Diagnosing for printer maintenance with AI

Thema:
Artifical intelligence

When exactly does a building or item of equipment require maintenance? Carrying out too much preventive maintenance can be costly. But if you leave it too long, the expense of an emergency repair can be much greater. And we all know that machines have a habit of breaking down at exactly the wrong time. So predictive maintenance is high on the list of priorities of the manufacturing industry. Here, too, artificial intelligence (AI) can make all the difference.

A customer is itching to receive the printed matter he has ordered. The printers are running flat out – as are all the other machines. It is not just tough quality requirements that the graphic industry has to meet, but in many cases tight deadlines as well.

That makes it an ideal sector for introducing predictive maintenance based on artificial intelligence. And that is exactly what TNO and Canon Production Printing (formerly Océ) are currently aiming to do. Together, they are carrying out research into an AI system that stands out in terms of reliable diagnoses and prognoses for professional printers.

AI that understands printers

A lot of different data is needed to be able to estimate the condition of a machine or machine components. But much of that data is incomplete or unreliable. To be able to extract the right conclusions from this mix of data, you need AI that is entirely at home in the world of printers.

This calls for 'hybrid AI' – a combination of data-learning AI and domain knowledge. The AI system is able to modify the likelihood of causal links in the domain model on the basis of a machine’s user data. It can also work out what problems could occur and in what kind of time frame.

Still essential: human expertise

And what about people? The part they play should not be underestimated. Machine learning, then, is just one part of the story. It is precisely the combination of artificial intelligence and human expertise that make this solution so powerful. The big challenge here is to develop an AI system that is capable of accurately combining the input from people and machines alike.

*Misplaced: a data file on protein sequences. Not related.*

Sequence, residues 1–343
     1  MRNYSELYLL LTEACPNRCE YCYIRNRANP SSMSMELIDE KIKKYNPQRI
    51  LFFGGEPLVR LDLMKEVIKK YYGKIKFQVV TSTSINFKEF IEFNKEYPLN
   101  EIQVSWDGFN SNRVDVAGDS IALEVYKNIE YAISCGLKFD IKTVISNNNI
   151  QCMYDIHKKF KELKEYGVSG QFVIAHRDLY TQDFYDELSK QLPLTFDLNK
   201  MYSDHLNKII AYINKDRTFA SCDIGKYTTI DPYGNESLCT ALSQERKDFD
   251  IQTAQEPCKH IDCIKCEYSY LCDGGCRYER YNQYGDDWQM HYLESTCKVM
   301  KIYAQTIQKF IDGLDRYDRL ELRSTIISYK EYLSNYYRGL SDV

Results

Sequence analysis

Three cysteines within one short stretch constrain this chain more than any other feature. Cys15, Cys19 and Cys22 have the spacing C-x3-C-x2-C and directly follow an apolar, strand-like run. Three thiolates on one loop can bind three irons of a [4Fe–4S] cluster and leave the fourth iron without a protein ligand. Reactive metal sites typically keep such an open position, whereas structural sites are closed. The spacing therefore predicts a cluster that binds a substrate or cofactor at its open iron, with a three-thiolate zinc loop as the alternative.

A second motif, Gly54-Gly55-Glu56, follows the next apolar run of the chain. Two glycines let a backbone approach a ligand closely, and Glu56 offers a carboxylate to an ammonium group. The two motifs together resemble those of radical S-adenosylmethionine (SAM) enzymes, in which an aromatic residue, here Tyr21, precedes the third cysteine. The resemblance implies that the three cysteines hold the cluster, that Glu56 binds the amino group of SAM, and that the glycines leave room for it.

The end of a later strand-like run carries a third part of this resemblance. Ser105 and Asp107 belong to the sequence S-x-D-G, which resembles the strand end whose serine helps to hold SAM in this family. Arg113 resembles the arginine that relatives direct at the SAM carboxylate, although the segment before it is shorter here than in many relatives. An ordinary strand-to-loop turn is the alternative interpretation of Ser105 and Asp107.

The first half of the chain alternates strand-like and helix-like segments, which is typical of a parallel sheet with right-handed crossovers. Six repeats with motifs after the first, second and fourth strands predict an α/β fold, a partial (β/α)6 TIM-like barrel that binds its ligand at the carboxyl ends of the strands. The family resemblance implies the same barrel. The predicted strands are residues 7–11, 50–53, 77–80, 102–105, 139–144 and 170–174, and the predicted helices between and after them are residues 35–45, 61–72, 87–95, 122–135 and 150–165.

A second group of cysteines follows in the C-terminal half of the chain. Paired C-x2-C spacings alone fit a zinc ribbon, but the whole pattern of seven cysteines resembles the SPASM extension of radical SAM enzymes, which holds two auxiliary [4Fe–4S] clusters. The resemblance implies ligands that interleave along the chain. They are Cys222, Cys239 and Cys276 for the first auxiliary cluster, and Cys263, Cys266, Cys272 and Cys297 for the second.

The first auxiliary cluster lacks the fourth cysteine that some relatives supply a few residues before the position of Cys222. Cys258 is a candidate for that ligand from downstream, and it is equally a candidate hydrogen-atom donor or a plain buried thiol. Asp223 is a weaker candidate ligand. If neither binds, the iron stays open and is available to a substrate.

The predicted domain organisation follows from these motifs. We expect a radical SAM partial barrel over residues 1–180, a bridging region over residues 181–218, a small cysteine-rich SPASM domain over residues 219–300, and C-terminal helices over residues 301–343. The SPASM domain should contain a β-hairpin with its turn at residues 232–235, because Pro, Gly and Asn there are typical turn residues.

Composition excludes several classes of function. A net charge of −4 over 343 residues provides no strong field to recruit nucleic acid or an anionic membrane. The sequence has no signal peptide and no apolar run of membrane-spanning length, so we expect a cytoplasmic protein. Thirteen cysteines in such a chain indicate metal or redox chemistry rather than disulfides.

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Rob de Wijk on the rise of AI in geopolitical context

Informatietype:
Insight
27 September 2022

Anne Fleur van Veenstra, director of science at TNO’s SA&P unit, interviews Rob de Wijk, emeritus professor of international relations in Leiden and founder of The Hague Centre for Strategic Studies. Rob is also a much sought-after expert who appears on radio and television programmes. What does the rise of AI mean geopolitically and in armed conflicts?

Bram Schot on the impact of AI on mobility

Informatietype:
Insight
27 September 2022

Marieke Martens, science director at TNO and professor of automated vehicles at the Eindhoven University of Technology, talks to Bram Schot. Schot was the CEO of Audi until 2020, having previously held management positions at various car makers, including Mercedes and Volkswagen. Their conversation concerns the influence of AI on mobility. How will AI impact the production process? And what does a future with autonomous vehicles look like?

Eppo Bruins on AI in different government domains

Informatietype:
Insight
27 September 2022

Michiel van der Meulen, chief geologist for the Geological Survey of the Netherlands (GDN), speaks with Eppo Bruins. Bruins was educated as a nuclear physicist and has spent many years working in the world of science, innovation, and technology. Between 2015 and 2021, he was a Dutch member of parliament for the Christian Union. He was recently appointed chairman of the Advisory council for science, technology and innovation (AWTI). What will AI mean for the various government domains in the coming years?

Bas Haring on AI, science and philosophy

Informatietype:
Insight
27 September 2022

Michiel van der Meulen, chief geologist for the Geological Survey of the Netherlands (GDN), speaks with Bas Haring. Haring originally studied artificial intelligence, which at the time still fell under the umbrella of philosophy, which is why people started calling him a philosopher. He himself feels more like a ‘folk philosopher’: Haring tries to make science and philosophy accessible to a wider audience. In 2001, he published a children’s book about evolution, Cheese and the Theory of Evolution. What better springboard for a geologist and a philosopher to talk about AI?

Arnon Grunberg on AI, creativity and morality

Informatietype:
Insight
27 September 2022

Peter Werkhoven, chief scientific officer at TNO, talks to Arnon Grunberg from his base in New York. Grunberg made his breakthrough in 1994 with his novel, Blue Mondays. He has since become one of the Netherlands’ best-known authors. The two talked about AI over dinner some years ago. Today, they finally get the chance to continue their conversation. What is Grunberg’s view on creativity? Can it be taught to machines? And how do humans morally relate to machines?